Partners HealthCare is teaming up with one of the state's largest employers in an experiment to see whether they can improve employees' health and, ideally, reduce medical costs by monitoring workers' high blood pressure over the Internet.
A computer program will analyze their results and provide automated feedback and advice weekly on a secure website; researchers will e-mail or call employees whose readings climb particularly high. They will be compared with 200 employees in a control group, to see if electronic monitoring and feedback lead to lower blood pressure.
The blood pressure initiative is part of a major investment in telemedicine by Partners, the largest healthcare provider in Massachusetts and the parent company of Massachusetts General and Brigham and Women's hospitals. In January, the organization decided to double its investment in this field to $6 million over four years, to pay for telemedicine programs for diabetes, emphysema, and depression, as well as the blood pressure trial.
The study with EMC is the first time Partners has joined with a large employer on a telemedicine initiative and will be the organization's largest clinical trial of digital healthcare.
Hospital executives believe that a growing number of patients with chronic conditions or who live in remote locations will be monitored and treated by doctors who receive data about their illness electronically and consult via live video transmissions. In some cases, the technology allows more frequent contact and faster intervention than an in-person visit.
A growing number of hospitals are investing in telemedicine, including the Cleveland Clinic, where patients can get second opinions online. UMass Memorial Health Care in Worcester has partnered with a private company to establish an eICU, in which doctors at a central location monitor patients electronically in intensive care units at various hospitals. Mass. General physicians read brain scans over the Internet and consult over live video hookups with community hospitals treating stroke patients. Partners monitors about 80 congestive heart failure patients at home, with their weight and blood pressure readings transmitted to nurses electronically.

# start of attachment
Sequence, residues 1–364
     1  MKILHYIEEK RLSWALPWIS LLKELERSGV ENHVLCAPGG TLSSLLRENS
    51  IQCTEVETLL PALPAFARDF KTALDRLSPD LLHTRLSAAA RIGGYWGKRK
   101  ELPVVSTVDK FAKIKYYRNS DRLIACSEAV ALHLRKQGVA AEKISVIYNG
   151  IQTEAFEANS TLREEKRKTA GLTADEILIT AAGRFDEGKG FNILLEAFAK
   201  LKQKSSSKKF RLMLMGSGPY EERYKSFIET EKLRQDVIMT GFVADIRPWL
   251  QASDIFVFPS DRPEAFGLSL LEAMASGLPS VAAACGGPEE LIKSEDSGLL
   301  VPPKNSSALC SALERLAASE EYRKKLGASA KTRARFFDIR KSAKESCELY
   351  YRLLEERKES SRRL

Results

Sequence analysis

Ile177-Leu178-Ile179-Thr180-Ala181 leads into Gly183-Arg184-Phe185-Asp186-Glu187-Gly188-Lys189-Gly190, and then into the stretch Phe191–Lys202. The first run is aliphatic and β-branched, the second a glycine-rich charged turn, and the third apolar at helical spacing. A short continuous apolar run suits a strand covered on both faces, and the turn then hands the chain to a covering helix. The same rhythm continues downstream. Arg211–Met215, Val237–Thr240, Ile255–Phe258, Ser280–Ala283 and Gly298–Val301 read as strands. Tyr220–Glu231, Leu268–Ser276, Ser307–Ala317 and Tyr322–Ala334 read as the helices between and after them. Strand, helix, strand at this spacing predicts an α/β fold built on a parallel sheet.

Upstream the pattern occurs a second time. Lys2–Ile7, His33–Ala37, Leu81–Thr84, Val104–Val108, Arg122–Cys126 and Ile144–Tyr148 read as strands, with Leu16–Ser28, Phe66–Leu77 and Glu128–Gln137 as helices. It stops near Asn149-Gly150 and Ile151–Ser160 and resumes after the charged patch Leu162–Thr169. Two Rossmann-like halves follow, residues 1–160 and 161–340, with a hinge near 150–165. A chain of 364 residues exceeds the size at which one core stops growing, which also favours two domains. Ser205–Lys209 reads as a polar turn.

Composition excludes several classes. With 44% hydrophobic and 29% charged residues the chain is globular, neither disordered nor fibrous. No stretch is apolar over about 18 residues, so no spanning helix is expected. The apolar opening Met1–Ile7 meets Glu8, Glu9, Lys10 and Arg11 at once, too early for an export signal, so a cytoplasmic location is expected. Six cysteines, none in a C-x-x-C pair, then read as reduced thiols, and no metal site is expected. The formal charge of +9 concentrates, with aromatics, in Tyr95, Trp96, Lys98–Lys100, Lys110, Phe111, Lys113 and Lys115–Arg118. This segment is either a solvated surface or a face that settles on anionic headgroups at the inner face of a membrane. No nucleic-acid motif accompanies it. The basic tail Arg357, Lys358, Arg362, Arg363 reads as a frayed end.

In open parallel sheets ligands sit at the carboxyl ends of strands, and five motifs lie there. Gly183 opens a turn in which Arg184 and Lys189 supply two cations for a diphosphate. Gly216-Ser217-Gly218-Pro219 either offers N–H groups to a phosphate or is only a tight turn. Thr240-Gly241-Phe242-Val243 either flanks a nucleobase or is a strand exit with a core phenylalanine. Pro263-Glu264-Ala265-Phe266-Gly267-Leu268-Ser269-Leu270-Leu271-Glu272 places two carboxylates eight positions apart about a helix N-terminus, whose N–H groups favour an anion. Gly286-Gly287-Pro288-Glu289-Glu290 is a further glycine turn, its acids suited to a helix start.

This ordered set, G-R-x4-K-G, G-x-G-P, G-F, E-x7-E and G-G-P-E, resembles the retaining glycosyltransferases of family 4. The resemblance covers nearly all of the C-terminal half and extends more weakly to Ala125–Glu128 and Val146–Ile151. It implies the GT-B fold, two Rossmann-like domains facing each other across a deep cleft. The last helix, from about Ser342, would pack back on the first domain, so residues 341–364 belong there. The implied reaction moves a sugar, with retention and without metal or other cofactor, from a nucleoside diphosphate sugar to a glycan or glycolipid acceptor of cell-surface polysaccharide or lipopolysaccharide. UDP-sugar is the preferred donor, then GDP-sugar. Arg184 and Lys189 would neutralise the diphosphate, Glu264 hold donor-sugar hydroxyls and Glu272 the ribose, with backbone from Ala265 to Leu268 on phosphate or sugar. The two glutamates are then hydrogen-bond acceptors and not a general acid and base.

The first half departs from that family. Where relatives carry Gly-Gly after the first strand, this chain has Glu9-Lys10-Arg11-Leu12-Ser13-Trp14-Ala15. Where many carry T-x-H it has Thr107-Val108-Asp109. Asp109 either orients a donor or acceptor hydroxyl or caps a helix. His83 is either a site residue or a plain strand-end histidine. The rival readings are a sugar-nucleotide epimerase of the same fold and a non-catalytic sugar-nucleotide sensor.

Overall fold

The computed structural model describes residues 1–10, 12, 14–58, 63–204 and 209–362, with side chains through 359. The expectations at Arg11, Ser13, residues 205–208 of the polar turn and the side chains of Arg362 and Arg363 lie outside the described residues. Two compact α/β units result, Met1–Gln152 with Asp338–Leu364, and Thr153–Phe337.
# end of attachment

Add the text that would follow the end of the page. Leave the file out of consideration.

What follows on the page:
The blood pressure study is scheduled to begin next month. EMC executives, who say they have cut medical costs through other innovative programs, said they want to use EMC's influence as a large company to spread technologies that improve people's health.
The partnership grew out of a conversation about three years ago at a dinner party, when Dr. Thomas Lee, head of Partners' physicians group, sat next to EMC's Jack Mollen, now executive vice president for human resources.
Lee said that while millions of Americans have hypertension, the leading cause of strokes and one of the most important risk factors for heart attacks, one-third of those people consistently lowered their blood pressure into the normal range. "The other two-thirds are either not taking their pills, haven't been diagnosed, or are not going back to the doctor to have it checked," he said.
In the study, researchers will test whether frequent feedback to those being monitored will succeed in getting employees to do more to control their hypertension. Full-time employees between the ages of 30 and 65 who have been diagnosed with hypertension or prehypertension qualify.